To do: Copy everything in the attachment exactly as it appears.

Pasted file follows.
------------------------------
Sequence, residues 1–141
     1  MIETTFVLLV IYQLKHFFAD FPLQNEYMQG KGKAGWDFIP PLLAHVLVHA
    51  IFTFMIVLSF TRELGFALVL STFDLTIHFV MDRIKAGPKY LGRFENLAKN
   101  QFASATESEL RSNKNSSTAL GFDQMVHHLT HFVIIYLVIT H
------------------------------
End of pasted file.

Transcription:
Sequence, residues 1–141
     1  MIETTFVLLV IYQLKHFFAD FPLQNEYMQG KGKAGWDFIP PLLAHVLVHA
    51  IFTFMIVLSF TRELGFALVL STFDLTIHFV MDRIKAGPKY LGRFENLAKN
   101  QFASATESEL RSNKNSSTAL GFDQMVHHLT HFVIIYLVIT H